The present invention overcomes the foregoing and other problems with a system and method enabling anonymous communications to take place between a first Bluetooth communications device and a second Bluetooth communications device. In a first embodiment, a first Bluetooth communications device generates a temporary identification number which is inserted within transmissions from the first Bluetooth communications device to the second Bluetooth communications device. Other embodiments have the first Bluetooth communications device utilizing randomly generated identification numbers in order to first establish communications with the second Bluetooth communications device and then receiving a temporary identification number from the second Bluetooth device to support communication.

BRIEF DESCRIPTION OF THE DRAWINGS

A more complete understanding of the method and apparatus of the present invention may be obtained by reference to the following Detailed Description when taken in conjunction with the accompanying Drawings wherein:

FIG. 1 illustrates the format of a Bluetooth address;

FIG. 2 is a block diagram illustrating Bluetooth devices capable of anonymously communicating with each other;

FIG. 3 illustrates a first embodiment of a method for the anonymous communication between Bluetooth devices;

FIG. 4 illustrates an alternative embodiment of a method for communicating anonymously between Bluetooth devices;

FIG. 5 illustrates yet a further embodiment of a method for communicating anonymously between Bluetooth devices;

FIG. 6 illustrates yet a further embodiment of a method for communicating anonymously between Bluetooth devices;

FIG. 7 illustrates a message transmitted between Bluetooth devices using the method of FIG. 5.

FIG. 8 illustrates a randomly generated Bluetooth address;

FIG. 9 is a flow diagram illustrating one method for generating the random Bluetooth address of FIG. 8.

FIGS. 10A and 10B illustrate yet a further embodiment of a method for communicating anonymously between Bluetooth devices;

FIG. 11 illustrates yet a further embodiment of a method for communicating anonymously between Bluetooth devices;

FIG. 12 illustrates yet a further embodiment of a method for communicating anonymously between Bluetooth devices;

FIG. 13 illustrates yet a further embodiment of a method for communicating anonymously between Bluetooth devices;

FIG. 14 illustrates yet a further embodiment of a method for communicating anonymously between Bluetooth devices; and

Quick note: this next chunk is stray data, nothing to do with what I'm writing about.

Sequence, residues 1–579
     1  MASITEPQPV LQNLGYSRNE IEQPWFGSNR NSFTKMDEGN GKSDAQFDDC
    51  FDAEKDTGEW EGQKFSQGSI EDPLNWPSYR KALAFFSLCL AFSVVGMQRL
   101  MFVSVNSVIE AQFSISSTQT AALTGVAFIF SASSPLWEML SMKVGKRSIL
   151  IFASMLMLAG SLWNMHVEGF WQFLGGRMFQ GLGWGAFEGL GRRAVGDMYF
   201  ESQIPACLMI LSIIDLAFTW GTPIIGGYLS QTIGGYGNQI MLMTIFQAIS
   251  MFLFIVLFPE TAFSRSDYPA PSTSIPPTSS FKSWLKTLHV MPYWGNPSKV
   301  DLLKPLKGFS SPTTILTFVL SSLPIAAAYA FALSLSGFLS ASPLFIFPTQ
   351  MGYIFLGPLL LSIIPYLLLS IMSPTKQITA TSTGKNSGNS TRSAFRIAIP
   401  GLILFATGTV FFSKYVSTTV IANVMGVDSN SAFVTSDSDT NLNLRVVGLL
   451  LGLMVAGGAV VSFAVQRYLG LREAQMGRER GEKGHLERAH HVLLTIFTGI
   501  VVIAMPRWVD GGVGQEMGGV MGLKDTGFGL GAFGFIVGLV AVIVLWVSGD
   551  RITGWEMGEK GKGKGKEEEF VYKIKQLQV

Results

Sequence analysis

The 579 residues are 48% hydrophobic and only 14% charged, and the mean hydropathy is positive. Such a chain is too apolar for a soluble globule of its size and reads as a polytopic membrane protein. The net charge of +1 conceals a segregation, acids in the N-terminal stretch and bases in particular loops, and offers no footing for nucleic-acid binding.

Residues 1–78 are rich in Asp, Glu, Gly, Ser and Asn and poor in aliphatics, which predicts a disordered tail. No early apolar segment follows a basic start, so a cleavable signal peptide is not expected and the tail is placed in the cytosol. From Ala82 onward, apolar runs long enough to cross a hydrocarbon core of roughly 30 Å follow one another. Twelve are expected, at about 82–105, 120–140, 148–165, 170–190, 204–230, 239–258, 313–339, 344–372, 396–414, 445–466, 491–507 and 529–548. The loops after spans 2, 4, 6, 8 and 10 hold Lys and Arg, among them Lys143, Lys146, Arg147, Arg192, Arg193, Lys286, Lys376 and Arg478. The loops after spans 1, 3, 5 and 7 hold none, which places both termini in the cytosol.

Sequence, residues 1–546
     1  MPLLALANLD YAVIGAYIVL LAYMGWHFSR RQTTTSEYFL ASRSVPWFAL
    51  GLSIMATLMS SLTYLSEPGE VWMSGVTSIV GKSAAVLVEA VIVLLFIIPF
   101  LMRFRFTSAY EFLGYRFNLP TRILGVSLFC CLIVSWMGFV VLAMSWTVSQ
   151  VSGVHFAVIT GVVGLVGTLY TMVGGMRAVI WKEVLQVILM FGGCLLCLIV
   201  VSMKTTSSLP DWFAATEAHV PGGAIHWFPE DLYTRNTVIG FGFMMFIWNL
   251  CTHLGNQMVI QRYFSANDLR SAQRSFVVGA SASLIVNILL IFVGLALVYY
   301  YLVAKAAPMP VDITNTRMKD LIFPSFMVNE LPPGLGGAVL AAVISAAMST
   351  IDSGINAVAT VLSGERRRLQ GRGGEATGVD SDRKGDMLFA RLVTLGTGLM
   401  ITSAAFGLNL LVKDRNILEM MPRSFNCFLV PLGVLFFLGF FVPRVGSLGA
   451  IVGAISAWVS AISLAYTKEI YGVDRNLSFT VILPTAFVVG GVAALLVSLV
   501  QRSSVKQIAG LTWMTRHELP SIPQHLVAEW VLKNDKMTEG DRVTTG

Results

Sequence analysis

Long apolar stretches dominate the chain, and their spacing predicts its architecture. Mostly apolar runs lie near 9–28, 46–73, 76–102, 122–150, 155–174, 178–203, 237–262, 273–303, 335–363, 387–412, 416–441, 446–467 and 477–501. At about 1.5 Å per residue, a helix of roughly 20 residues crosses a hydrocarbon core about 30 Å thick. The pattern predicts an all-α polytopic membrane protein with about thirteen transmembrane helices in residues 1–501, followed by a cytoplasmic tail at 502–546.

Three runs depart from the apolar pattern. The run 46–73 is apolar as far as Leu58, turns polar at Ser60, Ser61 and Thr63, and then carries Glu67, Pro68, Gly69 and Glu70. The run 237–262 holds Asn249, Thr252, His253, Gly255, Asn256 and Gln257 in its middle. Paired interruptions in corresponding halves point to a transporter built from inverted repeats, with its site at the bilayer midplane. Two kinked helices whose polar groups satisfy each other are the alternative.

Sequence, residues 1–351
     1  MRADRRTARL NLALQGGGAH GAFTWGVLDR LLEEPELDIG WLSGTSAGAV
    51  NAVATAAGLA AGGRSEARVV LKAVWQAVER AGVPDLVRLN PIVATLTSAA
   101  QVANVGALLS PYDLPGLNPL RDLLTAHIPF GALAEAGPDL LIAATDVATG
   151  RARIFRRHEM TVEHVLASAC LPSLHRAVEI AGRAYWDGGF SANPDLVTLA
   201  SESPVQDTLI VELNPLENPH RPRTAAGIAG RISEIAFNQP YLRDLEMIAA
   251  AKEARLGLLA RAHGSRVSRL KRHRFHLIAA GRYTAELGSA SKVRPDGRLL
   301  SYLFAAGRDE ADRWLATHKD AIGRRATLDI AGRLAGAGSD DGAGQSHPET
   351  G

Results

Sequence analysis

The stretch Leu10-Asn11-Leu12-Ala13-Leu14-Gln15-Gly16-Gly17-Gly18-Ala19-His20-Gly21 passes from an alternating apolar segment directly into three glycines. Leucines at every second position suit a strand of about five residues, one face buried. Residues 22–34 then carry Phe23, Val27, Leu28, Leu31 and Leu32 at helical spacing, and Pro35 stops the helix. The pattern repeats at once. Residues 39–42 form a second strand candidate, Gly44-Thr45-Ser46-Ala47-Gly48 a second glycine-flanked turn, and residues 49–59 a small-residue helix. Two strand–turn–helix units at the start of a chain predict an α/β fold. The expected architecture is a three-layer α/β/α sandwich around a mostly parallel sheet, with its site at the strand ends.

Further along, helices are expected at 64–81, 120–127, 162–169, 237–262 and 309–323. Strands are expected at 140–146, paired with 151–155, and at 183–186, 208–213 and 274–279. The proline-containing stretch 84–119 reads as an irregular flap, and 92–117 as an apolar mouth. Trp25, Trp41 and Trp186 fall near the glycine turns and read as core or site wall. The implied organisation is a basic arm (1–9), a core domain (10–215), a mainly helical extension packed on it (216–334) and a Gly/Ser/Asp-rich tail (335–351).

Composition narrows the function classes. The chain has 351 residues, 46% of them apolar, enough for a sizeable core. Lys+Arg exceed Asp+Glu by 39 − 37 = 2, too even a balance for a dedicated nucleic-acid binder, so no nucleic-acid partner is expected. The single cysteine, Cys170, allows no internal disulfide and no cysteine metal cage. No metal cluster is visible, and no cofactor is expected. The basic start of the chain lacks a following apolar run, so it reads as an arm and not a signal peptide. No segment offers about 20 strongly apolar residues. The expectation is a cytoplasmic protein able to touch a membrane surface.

FIG. 15 illustrates yet a further embodiment of a method for communicating anonymously between Bluetooth devices.

DETAILED DESCRIPTION

Referring now to the drawings, and more particularly to FIG. 1, where there is illustrated an example of a Bluetooth device address (BD_addr) according to the present format utilized within the Bluetooth communications protocol. A Bluetooth device address has a length of 48 bits. The LAP (lower address part) 2 and the UAP (upper address part) 4 form the significant portion of the BD_addr and is completed by the NAP (non-significant address part) 6. The LAP consists of 24 bits, the UAP consists of 8 bits, and the NAP consists of 16 bits to provide the 48 bit address.

The Bluetooth access code comprises the first part of each packet transmitted within the Bluetooth protocol. Some of the access codes used in Bluetooth are uniquely determined by the LAP in the Bluetooth device address. There are four different types of access codes. The Channel Access Code (CAC) is derived from the Master's LAP 2. The Device Access Code (DAC) is derived from the Slave's LAP 2. The Inquiry Access Code (IAC) can be of two different forms but is derived from the special dedicated LAP values not related to any specific BD_addr.

Thus, the CAC and DAC can be used to track the location of a specific user. Furthermore, the entire Bluetooth address is sent in a special frequency hop synchronization (FHS) packet used on certain occasions. The frequency hopping scheme in Bluetooth is determined by a hopping sequence. The hopping sequence calculation uses different input parameters. For the connection state, the LAP and the at least four most significant bits in the UAP of the master device are used. For the page state, the LAP/UAP of the paged unit is used. This makes it theoretically possible to obtain information on the LAP and the four most significant bits of the UAP based on the observed hopping scheme. Significant bits of the master device address in a connection may thus be revealed.

Referring now to FIG. 2, there is illustrated a functional block diagram of a system providing anonymous Bluetooth communications between a first Bluetooth device 10 and a second Bluetooth device 15. Each of the Bluetooth devices include a Bluetooth chip 20 thereon for enabling Bluetooth communications between the first Bluetooth device 10 and the second Bluetooth device 15. A number of structures and/or algorithms may be implemented within each of the Bluetooth chips 20 in order to provide the anonymous Bluetooth connection functionality of the present invention. However, it should be realized that only some of these algorithms and/or structures are necessary for implementing the various embodiments described in FIGS. 2-11, and it is not necessary for each of the structures or algorithms to be present. Furthermore, the described algorithms and structures may be implemented outside of the Bluetooth chip 20, if desired.

Each Bluetooth chip 20 includes an algorithm 25 enabling the generation of a temporary identification number for a Bluetooth device 10, 15 each time the device sends out messages or responses including the identity number of the Bluetooth device. The algorithm 25 for generating a temporary identification number may be built into the Bluetooth chip 20 of a Bluetooth device 10, 15, downloaded into the Bluetooth device 10, 15 or user selected. The particular algorithm 25 is not important for the process except to the extent of the security and privacy level provided by the algorithm. The algorithm 25 must generate a Bluetooth identification number which complies with existing and/or future identification number formats.